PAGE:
Monday, October 21, 2013

The NECAP Situation in a Nutshell

Gary Rubenstein:

Nobody ever consulted me when designing the common core, so I never got a chance to propose my two reforms. So instead of my ideas, we have ‘higher expectations’ with more ‘rigor’ and more ‘rigorous’ assessments. States that have started on these assessments, like in New York, have seen proficiency rates drop from 60% on the old tests to 30% on the new common core tests. The politicians assure us that when schools get used to the higher expectations, the scores will increase over the years. Those politicians, however, know nothing about teaching and learning. Higher expectations will not cause the scores to increase. Teachers are too constrained by the number of topics they have to teach and the number of students who hate math. So my prediction is that unless they change the tests or the cutoff scores to make it look like they were right, the percent proficient will remain around 30%. Maybe then they will go back to the drawing board and come up with a math education reform plan similar to what I just outlined.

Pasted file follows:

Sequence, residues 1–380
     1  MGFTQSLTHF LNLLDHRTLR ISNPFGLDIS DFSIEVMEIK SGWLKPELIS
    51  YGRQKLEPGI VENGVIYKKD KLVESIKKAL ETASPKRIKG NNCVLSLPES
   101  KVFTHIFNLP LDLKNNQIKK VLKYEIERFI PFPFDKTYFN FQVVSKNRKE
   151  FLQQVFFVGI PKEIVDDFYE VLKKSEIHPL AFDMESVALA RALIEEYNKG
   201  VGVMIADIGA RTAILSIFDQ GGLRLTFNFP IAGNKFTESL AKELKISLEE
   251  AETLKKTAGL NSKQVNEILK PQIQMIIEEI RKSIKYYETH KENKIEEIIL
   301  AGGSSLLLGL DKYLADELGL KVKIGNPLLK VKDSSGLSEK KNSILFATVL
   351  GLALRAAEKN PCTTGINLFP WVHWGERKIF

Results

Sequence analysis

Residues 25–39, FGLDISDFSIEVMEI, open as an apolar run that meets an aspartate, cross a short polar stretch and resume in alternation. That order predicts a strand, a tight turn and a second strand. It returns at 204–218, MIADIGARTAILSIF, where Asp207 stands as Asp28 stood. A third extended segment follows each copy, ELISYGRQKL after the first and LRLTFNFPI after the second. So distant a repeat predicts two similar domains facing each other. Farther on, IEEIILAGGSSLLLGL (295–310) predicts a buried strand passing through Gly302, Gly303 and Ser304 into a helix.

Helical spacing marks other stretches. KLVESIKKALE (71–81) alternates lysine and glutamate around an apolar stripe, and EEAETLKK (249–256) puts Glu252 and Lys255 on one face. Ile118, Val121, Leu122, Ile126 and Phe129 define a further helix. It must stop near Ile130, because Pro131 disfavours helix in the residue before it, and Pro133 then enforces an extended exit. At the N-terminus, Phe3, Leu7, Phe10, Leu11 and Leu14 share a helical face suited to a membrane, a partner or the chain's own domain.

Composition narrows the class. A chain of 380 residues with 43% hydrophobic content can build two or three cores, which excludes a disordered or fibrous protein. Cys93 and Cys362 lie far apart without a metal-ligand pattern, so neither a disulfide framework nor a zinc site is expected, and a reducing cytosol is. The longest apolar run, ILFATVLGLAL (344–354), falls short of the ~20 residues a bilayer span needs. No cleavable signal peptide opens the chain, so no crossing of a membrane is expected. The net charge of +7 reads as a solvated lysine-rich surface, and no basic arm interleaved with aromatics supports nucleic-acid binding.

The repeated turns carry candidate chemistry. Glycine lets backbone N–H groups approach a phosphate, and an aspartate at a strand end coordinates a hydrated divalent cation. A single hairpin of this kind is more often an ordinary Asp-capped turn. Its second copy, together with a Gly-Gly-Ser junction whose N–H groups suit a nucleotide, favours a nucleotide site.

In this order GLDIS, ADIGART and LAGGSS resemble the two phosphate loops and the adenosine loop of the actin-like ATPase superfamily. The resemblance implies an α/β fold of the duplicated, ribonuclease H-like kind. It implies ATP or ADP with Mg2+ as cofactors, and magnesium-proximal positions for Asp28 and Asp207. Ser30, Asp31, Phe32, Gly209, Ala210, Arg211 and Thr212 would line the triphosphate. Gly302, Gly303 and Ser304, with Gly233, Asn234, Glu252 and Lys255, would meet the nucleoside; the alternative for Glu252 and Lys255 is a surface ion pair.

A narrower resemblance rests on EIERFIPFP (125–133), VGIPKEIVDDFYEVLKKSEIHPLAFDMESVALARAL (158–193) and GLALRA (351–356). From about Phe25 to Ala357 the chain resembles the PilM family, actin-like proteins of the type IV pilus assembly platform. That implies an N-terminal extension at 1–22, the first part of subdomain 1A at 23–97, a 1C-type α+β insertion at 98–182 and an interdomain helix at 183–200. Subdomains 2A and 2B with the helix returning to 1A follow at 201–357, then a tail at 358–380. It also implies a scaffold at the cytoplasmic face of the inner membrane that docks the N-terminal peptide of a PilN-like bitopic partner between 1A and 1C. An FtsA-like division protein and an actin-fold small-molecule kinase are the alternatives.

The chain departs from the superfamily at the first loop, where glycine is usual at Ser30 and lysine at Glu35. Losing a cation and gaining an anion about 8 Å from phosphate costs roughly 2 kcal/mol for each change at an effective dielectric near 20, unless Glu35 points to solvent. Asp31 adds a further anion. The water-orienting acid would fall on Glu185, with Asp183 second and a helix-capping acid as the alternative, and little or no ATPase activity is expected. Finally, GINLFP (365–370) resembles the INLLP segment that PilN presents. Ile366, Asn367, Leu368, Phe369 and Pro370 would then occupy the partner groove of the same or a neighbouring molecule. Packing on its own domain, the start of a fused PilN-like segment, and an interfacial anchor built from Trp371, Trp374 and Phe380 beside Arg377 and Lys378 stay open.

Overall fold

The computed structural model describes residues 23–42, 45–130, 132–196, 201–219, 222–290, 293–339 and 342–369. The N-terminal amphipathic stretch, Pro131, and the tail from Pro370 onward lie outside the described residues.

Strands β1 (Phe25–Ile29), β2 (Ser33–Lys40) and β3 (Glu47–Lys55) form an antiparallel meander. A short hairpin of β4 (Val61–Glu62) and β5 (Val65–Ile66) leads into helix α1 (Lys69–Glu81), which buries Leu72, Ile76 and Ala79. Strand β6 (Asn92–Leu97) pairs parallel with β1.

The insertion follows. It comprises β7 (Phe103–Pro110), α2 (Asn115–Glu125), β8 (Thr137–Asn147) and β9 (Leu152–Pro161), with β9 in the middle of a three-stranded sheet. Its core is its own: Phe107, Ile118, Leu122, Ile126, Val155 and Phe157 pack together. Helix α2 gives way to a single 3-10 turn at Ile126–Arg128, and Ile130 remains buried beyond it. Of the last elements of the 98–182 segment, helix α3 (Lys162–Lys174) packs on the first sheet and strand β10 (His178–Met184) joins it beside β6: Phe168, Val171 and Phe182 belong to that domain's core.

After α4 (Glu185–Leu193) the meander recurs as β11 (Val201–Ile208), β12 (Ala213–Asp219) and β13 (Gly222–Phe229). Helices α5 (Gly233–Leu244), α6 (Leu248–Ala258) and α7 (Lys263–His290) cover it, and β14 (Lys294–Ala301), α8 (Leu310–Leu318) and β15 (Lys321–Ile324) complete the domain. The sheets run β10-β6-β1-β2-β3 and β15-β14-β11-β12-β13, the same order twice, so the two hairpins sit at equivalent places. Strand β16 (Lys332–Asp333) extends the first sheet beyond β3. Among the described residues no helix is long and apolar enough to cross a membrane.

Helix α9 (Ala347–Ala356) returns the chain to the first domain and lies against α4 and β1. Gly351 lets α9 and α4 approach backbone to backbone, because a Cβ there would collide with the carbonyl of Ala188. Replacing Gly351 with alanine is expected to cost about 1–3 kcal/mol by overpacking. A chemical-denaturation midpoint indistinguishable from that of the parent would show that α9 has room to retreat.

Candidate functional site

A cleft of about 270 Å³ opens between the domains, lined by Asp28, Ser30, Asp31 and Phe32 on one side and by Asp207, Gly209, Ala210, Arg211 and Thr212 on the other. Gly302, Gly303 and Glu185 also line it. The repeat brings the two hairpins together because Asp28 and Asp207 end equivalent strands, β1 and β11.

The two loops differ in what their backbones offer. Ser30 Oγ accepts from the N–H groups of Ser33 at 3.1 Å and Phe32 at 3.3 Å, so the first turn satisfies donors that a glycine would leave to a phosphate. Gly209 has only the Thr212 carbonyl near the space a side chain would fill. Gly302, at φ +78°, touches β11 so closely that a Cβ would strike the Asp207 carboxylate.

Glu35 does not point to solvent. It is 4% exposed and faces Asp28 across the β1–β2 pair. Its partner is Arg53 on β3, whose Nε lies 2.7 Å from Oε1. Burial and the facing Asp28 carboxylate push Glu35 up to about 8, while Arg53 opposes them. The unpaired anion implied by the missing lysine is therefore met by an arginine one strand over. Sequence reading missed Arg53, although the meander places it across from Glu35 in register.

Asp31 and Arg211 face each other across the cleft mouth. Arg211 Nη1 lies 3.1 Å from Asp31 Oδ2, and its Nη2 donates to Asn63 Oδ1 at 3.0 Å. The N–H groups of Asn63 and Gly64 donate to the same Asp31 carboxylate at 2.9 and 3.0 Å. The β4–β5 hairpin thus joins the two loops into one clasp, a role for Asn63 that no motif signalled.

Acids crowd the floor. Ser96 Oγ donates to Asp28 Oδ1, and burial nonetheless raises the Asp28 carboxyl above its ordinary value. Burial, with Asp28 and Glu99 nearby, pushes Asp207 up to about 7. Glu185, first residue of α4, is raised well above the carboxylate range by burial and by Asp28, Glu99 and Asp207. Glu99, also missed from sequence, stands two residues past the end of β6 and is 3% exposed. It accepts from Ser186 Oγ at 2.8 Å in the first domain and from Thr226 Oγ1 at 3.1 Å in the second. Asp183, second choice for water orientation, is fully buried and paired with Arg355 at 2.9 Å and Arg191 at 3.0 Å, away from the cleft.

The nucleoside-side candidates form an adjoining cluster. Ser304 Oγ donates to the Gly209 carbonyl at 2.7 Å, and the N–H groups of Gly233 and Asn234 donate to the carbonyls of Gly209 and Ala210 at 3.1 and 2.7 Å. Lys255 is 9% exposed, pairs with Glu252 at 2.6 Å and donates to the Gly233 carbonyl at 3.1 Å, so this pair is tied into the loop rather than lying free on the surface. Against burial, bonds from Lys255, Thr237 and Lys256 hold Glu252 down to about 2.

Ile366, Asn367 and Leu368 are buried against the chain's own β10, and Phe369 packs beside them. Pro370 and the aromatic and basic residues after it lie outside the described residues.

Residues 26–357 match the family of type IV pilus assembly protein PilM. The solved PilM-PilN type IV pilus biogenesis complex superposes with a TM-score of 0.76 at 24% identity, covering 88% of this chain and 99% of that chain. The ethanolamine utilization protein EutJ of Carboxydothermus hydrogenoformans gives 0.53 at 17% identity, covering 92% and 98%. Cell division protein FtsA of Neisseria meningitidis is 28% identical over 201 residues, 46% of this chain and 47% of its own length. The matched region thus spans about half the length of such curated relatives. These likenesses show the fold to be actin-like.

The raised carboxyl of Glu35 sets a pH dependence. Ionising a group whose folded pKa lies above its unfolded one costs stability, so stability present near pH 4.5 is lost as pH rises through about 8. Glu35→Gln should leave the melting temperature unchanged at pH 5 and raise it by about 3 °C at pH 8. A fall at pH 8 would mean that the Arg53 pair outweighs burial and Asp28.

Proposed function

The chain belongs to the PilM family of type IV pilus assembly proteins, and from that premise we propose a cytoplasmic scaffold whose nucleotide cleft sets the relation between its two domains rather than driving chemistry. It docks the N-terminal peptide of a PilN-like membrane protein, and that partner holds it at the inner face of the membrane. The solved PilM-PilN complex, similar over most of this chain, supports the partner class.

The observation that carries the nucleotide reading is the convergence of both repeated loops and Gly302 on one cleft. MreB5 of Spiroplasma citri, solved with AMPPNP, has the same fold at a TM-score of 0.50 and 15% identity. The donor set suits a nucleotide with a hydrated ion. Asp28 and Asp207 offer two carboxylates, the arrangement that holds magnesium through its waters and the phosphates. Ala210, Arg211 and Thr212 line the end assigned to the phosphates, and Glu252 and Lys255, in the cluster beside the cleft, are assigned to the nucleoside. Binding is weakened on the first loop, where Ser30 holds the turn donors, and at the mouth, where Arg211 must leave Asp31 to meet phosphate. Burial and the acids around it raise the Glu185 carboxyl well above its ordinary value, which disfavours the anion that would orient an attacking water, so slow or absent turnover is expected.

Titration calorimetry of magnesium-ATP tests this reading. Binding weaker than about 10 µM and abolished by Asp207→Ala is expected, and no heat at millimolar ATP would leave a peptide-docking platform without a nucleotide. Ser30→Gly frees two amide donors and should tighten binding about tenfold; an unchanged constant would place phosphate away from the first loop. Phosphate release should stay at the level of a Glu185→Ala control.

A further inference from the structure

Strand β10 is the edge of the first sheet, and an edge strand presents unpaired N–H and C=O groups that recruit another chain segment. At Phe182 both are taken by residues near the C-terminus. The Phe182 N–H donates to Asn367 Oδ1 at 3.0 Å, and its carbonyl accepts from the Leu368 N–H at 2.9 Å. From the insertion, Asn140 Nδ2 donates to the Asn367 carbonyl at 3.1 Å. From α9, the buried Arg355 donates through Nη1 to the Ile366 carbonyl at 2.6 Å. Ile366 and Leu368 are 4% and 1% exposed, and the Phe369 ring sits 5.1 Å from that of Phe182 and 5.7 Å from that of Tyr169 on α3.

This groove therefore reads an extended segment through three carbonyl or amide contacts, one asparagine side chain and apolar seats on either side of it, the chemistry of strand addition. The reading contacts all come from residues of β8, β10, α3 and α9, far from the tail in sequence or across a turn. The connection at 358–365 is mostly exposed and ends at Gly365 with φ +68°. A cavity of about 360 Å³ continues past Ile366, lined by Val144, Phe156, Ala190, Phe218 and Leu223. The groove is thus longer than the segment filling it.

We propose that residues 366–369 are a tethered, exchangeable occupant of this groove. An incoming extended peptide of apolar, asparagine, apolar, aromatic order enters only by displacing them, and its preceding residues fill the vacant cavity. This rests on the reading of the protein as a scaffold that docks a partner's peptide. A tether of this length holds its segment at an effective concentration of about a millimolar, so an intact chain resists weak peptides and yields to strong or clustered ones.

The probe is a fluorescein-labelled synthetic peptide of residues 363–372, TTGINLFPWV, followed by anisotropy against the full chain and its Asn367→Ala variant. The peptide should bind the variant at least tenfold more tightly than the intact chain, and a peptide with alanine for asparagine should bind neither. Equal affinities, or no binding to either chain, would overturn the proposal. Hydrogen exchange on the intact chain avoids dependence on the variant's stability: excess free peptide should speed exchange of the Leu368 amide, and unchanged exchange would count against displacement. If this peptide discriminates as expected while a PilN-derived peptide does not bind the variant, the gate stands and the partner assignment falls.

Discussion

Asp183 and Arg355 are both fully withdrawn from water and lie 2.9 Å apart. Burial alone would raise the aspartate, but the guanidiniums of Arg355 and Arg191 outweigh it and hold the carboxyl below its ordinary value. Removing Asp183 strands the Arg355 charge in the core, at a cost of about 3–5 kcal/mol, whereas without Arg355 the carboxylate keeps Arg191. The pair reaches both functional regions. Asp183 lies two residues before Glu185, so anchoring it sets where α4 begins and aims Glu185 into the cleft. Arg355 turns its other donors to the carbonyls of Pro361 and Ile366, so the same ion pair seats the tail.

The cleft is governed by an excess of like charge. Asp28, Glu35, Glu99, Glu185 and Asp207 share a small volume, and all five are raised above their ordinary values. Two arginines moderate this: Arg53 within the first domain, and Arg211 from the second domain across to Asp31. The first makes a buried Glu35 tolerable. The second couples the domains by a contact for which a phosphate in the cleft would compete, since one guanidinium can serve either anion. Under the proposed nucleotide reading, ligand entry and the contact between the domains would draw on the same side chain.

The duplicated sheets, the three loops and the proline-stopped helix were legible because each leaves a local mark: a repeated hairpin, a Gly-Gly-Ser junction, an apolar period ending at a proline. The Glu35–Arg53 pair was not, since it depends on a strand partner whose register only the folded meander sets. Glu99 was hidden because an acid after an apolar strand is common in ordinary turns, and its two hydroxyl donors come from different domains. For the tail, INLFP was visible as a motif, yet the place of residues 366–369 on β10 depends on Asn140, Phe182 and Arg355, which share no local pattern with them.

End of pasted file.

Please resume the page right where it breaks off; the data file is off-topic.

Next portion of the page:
At the end of the day, the politicians assume the scores will go up in the end. So far they've been wrong. So... ?

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